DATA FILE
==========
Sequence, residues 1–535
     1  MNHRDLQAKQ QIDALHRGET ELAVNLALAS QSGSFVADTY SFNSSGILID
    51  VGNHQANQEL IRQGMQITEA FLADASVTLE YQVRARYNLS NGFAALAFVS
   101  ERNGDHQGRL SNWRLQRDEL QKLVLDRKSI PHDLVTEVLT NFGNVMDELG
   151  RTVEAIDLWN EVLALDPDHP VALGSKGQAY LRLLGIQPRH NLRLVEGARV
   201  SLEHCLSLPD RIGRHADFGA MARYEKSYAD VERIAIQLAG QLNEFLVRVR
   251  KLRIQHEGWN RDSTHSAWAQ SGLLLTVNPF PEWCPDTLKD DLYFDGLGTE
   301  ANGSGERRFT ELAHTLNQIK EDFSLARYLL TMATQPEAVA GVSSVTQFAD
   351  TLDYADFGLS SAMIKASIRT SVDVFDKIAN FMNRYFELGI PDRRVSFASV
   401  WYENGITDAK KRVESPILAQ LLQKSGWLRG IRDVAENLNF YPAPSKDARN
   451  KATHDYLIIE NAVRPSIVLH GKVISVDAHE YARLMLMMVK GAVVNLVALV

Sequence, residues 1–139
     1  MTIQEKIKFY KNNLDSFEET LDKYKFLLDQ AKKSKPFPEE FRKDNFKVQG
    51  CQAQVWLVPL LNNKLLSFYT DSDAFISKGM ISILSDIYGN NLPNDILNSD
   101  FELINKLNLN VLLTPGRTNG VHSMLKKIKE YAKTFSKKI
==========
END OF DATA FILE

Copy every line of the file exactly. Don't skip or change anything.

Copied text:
Sequence, residues 1–535
     1  MNHRDLQAKQ QIDALHRGET ELAVNLALAS QSGSFVADTY SFNSSGILID
    51  VGNHQANQEL IRQGMQITEA FLADASVTLE YQVRARYNLS NGFAALAFVS
   101  ERNGDHQGRL SNWRLQRDEL QKLVLDRKSI PHDLVTEVLT NFGNVMDELG
   151  RTVEAIDLWN EVLALDPDHP VALGSKGQAY LRLLGIQPRH NLRLVEGARV
   201  SLEHCLSLPD RIGRHADFGA MARYEKSYAD VERIAIQLAG QLNEFLVRVR
   251  KLRIQHEGWN RDSTHSAWAQ SGLLLTVNPF PEWCPDTLKD DLYFDGLGTE
   301  ANGSGERRFT ELAHTLNQIK EDFSLARYLL TMATQPEAVA GVSSVTQFAD
   351  TLDYADFGLS SAMIKASIRT SVDVFDKIAN FMNRYFELGI PDRRVSFASV
   401  WYENGITDAK KRVESPILAQ LLQKSGWLRG IRDVAENLNF YPAPSKDARN
   451  KATHDYLIIE NAVRPSIVLH GKVISVDAHE YARLMLMMVK GAVVNLVALV

Sequence, residues 1–139
     1  MTIQEKIKFY KNNLDSFEET LDKYKFLLDQ AKKSKPFPEE FRKDNFKVQG
    51  CQAQVWLVPL LNNKLLSFYT DSDAFISKGM ISILSDIYGN NLPNDILNSD
   101  FELINKLNLN VLLTPGRTNG VHSMLKKIKE YAKTFSKKI